I’m turning 30 next year. I was 16 when the towers fell, so I’ve spent about half my life living in the shadow of their absence. As such, it’s a little hard for me to get perspective on how things were before, because sometimes I can’t tell if I’m being nostalgic, or if things were genuinely different.
But I read a lot of books and watch a lot of movies and TV, because to do what I do I sort of have to act as a sponge for narratives and devices of all kind, and slowly I’ve felt something accumulating inside me, a sedimentation at the back of my head. And I frequently wonder if this isn’t just in my head but inside of everyone’s, or perhaps the larger generational mind, a tumor growing in the zeitgeist – or maybe it is the zeitgeist itself, I’m not sure.
For a brief moment after 9/11, pure, basic, unadultered good versus evil stories prevailed, fantastical tales where the bad guys were ugly and wore black, and the good guys were colorful and obviously kind. Hence why The Lord of the Rings made it onto every Oscar ballot in numerous categories, and swept them in 2003, despite being (as I have found upon rewatch), pretty cheesy and not completely solid movies, in any sense.
But as the years passed, and as we as a global community tried to fix the various world wrongs that became so blatantly apparent 12 years ago, we started to reject that narrative. It didn’t work for us. It was like we’d opened ourselves up and tried to put an organ inside ourselves that just didn’t belong there, and we fell to our knees and vomited it up.
We found we needed something different instead. And when we figured out what that thing was, we flocked to it.
It’s tough for me to think of a movie that’s more seeped in the taint of 9/11 than The Dark Knight. I saw it 6 times in the theater when it came out, but I feel increasingly ambivalent about the movie as I get more distance on it: I dislike its unearned tragedy, its forced misanthropy, the way its main characters feel like passive ragdolls being buffeted by an overpowering wind. I dislike its cold, abstracted, distant city, bereft of plant life and goodwill, full of shadows and suspicion. I dislike the movie’s helplessness, and the way the movie’s environment feels seeded with inexplicable explosives and violence and pain.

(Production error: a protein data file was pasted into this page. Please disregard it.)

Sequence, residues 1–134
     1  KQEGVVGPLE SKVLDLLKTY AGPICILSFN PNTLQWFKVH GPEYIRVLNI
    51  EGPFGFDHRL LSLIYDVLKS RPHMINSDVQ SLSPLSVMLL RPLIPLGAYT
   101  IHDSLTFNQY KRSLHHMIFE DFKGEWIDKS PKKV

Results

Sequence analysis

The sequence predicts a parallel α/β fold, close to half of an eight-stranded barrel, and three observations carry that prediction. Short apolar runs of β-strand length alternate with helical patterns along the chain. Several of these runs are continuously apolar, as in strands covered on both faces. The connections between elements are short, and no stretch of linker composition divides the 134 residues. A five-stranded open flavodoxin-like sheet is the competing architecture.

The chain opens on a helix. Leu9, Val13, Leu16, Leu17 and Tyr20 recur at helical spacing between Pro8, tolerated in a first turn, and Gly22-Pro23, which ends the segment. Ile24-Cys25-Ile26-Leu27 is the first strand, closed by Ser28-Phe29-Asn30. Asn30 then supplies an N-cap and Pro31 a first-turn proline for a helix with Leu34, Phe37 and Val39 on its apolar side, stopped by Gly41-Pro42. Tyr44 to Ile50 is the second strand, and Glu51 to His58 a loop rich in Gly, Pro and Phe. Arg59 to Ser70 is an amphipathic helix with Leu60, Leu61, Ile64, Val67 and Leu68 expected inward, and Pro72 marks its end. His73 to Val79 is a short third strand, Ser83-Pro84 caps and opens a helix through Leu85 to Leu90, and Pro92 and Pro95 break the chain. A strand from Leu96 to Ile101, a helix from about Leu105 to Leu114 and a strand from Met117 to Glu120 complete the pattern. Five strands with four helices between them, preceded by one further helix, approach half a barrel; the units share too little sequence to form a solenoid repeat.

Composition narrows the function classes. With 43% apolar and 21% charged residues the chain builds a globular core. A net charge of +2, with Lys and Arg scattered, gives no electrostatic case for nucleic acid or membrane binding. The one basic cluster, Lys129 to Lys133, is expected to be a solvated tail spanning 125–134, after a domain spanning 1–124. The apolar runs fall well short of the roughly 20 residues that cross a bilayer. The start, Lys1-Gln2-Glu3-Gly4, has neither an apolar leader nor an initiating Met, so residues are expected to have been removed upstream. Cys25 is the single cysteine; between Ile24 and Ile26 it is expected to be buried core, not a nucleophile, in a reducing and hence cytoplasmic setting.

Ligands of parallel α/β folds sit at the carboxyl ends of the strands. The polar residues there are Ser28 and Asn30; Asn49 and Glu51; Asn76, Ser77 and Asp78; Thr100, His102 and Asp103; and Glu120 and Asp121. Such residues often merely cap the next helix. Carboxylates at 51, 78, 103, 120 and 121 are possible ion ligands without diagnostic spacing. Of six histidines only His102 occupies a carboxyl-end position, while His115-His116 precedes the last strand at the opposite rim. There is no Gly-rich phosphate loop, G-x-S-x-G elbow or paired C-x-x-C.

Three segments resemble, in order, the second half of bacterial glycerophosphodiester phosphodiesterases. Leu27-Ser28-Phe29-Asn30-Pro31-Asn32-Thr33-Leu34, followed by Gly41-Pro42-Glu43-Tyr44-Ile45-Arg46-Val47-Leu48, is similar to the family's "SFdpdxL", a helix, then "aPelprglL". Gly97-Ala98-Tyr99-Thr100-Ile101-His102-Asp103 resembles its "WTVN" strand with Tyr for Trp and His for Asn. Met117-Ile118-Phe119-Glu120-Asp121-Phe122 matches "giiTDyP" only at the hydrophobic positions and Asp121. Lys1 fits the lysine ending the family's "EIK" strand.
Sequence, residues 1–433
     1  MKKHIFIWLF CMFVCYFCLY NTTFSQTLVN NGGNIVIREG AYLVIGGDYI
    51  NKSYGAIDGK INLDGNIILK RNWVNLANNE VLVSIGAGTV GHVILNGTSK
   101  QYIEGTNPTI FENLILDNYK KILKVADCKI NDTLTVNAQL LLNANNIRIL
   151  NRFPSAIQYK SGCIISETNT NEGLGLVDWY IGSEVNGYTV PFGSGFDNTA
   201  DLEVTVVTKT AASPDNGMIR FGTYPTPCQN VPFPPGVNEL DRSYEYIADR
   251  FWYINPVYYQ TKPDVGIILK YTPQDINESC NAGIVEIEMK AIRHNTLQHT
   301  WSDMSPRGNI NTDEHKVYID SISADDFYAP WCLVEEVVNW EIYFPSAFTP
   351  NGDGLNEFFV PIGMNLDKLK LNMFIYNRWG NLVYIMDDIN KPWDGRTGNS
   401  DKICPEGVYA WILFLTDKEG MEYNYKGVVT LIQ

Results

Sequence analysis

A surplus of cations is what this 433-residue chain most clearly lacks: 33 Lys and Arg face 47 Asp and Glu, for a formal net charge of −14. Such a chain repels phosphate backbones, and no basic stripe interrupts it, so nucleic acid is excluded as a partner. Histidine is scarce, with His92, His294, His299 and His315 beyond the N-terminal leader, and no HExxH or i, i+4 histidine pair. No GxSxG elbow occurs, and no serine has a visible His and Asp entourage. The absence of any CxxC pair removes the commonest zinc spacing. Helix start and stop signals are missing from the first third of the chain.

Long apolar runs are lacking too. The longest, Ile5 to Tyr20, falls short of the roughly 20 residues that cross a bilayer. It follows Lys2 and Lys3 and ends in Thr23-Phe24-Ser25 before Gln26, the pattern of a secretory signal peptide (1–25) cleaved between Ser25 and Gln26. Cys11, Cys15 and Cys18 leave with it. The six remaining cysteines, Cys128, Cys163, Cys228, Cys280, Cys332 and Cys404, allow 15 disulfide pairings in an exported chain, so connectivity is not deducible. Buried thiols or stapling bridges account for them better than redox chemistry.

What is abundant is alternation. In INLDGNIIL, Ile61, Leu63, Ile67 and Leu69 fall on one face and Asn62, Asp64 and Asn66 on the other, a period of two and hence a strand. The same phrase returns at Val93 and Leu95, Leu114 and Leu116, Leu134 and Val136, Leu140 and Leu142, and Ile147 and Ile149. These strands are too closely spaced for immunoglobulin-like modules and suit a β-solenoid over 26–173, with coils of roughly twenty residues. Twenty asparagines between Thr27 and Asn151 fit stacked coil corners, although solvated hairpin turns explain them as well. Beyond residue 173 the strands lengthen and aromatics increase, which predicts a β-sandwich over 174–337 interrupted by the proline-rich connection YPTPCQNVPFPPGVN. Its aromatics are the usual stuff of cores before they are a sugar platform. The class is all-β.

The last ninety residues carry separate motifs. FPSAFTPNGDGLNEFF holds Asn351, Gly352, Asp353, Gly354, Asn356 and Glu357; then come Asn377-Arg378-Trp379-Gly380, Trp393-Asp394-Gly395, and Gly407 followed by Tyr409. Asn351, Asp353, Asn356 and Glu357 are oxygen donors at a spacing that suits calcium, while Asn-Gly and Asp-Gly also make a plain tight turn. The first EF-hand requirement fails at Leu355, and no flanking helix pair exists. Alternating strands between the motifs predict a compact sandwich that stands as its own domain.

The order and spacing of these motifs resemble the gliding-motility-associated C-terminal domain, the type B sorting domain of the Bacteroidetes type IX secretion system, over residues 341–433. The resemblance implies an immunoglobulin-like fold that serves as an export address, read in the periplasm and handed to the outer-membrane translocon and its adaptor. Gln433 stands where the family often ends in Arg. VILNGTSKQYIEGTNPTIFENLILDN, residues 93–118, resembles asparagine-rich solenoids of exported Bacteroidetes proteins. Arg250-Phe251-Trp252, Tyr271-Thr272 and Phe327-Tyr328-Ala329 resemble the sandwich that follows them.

And I dislike how the movie, in some fashion, rejects heroics: the average people of this movie genuinely hate and fear the protagonist, who voluntarily collects more and more of this rejection as the movie goes on, unilaterally doing what he feels is right even though throngs of civilians scream at him to stop. The antagonist they accept, maybe even understand: their position is not, “Everyone must do whatever they can to find and stop this monster,” but rather, “There is a monster among us, yes, but why must you provoke him?”
They say this as if this monster and this hurt and this violence was always there, always will be there, and they just have to learn to live alongside it. The movie never really questions the monster: he is what he is. He is an thing, a force, not a person, and thus is eternal, and ever-present. And at the end, when the film limply tries to suggest that the monster may be wrong, the feeling one gets is that the film is not trying to convince the audience but is rather trying to convince itself – and failing.